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Ma-Yi Theater Company presents the first musical created by Filipino Americans in NYC
Throughout his three-decade career, Filipino-American actor Alan Ariano has played a wide variety of roles, notably Broadway stints in the original productions of M. Butterfly and Miss Saigon, and the most recent revival of The King and I. But there's one thing he's never done on stage: portrayed a character who shared his ethnic background. "Roles aren't written for us," he says. "I've played Japanese, Thai, Chinese, Hispanic, but never had the opportunity to play a Filipino." Until now.
Starting on August 23, Ariano takes on the title role in Ma-Yi Theater Company's world premiere Felix Starro at Theatre Row. With a book and lyrics by Jessica Hagedorn, and music by Fabian Obispo, it's the first musical created by Filipino Americans to bow Off-Broadway. Based on a short story by Lysley Tenorio, it focuses on a once famous faith healer in the Philippines, who travels to San Francisco in the '80s to help ailing ex-pats. However his grandson-assistant has a different agenda. Exploring themes of religion, love and family, the show features a score that fuses classic musical theatre, period pop and Catholic mass.
Ariano has been with the project since 2014, when director Ralph B. Peña invited him to participate in an early workshop. Since Felix Starro is an older character, co-creator Hagedorn notes that "it's a very tough role to cast" because, due to the lack of opportunities for Asian-American actors, many of them quit the business before they mature.
Ariano and Hagedorn were raised Catholic (though neither continue to practice), and they both vividly remember the faith-healing craze of the 1970s in the Philippines, when gurus had TV shows on which they performed "psychic surgeries" in front of the camera. Some became so well-known, American celebrities such as Shirley MacLaine and Andy Kaufman went to them for treatment.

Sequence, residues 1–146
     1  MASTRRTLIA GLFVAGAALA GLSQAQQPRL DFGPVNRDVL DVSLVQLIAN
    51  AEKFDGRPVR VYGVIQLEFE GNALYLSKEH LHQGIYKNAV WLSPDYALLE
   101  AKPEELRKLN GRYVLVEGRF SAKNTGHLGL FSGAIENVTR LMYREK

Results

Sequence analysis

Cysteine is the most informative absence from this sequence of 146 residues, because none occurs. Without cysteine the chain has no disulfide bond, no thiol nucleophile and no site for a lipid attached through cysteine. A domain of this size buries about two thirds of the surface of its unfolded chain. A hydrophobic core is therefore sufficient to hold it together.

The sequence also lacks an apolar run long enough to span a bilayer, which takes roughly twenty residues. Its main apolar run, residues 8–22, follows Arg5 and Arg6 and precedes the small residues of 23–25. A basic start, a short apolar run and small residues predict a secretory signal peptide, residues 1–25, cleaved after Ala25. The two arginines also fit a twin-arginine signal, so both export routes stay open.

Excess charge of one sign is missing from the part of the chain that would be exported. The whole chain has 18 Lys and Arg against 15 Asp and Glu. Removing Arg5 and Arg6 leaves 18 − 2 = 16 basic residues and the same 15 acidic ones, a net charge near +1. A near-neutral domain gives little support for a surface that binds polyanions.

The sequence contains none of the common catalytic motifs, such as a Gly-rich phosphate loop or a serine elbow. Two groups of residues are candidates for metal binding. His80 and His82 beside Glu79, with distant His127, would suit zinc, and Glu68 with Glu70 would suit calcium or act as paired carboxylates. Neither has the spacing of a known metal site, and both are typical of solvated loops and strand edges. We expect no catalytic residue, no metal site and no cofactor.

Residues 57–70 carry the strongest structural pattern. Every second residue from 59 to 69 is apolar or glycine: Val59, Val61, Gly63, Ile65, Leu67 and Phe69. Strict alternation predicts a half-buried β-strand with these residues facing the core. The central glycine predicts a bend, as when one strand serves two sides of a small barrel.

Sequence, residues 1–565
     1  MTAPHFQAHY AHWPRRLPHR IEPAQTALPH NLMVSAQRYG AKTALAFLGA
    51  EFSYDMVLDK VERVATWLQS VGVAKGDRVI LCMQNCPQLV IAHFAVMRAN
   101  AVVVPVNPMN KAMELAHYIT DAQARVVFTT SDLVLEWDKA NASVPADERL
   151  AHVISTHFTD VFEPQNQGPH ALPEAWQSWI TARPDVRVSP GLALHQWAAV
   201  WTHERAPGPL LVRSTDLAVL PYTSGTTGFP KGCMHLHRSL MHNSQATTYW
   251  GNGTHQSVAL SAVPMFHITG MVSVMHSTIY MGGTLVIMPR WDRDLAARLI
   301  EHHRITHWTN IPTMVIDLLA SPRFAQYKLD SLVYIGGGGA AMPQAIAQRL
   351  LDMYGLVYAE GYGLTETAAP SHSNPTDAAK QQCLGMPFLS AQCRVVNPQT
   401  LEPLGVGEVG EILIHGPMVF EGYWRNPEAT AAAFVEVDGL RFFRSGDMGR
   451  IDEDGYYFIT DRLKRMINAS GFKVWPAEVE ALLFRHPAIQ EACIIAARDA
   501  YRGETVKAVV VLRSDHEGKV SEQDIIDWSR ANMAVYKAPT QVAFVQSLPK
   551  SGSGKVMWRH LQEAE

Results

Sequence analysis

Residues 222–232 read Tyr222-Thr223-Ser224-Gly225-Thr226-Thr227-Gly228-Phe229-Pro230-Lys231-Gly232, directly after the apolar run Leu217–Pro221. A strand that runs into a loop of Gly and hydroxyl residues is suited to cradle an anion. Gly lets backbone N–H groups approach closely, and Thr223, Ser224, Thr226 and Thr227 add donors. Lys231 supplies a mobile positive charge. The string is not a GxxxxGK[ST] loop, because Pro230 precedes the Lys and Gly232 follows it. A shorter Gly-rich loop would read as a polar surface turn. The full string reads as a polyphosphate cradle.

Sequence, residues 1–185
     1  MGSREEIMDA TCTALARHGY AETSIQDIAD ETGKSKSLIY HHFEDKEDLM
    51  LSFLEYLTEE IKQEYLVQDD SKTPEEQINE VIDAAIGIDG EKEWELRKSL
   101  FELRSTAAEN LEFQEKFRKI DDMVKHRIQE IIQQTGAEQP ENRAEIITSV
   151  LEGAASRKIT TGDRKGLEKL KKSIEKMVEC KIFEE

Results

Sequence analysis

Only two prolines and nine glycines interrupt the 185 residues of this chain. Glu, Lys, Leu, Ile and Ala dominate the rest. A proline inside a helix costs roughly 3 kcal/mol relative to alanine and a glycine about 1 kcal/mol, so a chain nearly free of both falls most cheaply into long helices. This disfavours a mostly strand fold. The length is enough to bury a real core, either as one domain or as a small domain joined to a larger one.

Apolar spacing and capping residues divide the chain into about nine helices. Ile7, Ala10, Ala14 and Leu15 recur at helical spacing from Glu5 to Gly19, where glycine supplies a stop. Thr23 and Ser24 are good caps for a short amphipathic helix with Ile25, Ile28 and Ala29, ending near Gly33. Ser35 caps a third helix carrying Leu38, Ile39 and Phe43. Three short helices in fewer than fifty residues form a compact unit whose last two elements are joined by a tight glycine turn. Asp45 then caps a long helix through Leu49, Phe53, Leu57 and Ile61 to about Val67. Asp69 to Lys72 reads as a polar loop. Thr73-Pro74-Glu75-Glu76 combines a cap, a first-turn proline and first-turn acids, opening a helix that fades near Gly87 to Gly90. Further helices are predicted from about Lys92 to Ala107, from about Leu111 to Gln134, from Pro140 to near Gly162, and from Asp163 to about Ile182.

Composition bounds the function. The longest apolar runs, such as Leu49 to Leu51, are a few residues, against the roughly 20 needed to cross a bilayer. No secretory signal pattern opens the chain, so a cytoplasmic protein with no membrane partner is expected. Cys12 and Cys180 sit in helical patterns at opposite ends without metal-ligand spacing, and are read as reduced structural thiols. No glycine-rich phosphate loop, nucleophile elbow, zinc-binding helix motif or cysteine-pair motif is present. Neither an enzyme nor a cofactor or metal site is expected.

To play a character who is considered a godsend by some and a fraud by others, Ariano says conviction is key. "If I believe the character doubts what he's doing, I don't have anywhere to go," he explains. "In the research I've done, there were times when cancer patients were miraculously cured. [The practitioners insisted] faith and positive thinking and optimism could change the chemistry in your body. Next thing you knew, you were healed. I really think that Felix thinks he's helping people."
Regardless of Felix's intentions, his grandson doesn't think he's doing good, which causes a rift between them. In playing a paternal figure, the actor actually took his inspiration (and his accent) from his mother, a single parent of three who brought her family to the U.S. when Ariano was a teenager. The more Felix tries to keep his grandson close, the more he drives the young man away. Ariano says that kind of "codependence" felt familiar. "It's what family is," he says. "Felix and his grandson, they only have each other. That's what hooked me was that relationship: the trust and the faith in it -- and the betrayal."
People all over the world claim to be conduits of God with special "powers," and crises of belief can happen to anyone. However, in telling Felix's story, the creators wanted to explore faith from a uniquely Filipino perspective. Fittingly, almost everyone involved in the show is of Filipino descent, including the writers, director and entire cast save for one actor.
Ariano says it's been a gift to collaborate with his compatriots because he doesn't have to worry about stereotyping. "As an actor, I love to dig deep -- I love to find the pain, the joy, the resentment, the fear, the pride," he says. "I get a lot of roles where I'm asked to play that Asian stoic where we don't get to show a lot of emotions. It's been a real joy to let go of that."
Ariano's performance is the opposite of stolid. In fact, Hagedorn thinks his fiery Felix could teach real-life religious leaders a thing or two. "I went to a mass the other day and when the guy was presenting the blood and body of Christ I thought, you're not as good as Felix!" she says as Ariano laughs. "He wasn't working it like you do, Alan!"
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Top image: Alan Ariano. Photo by Jesse Jae Hoon.
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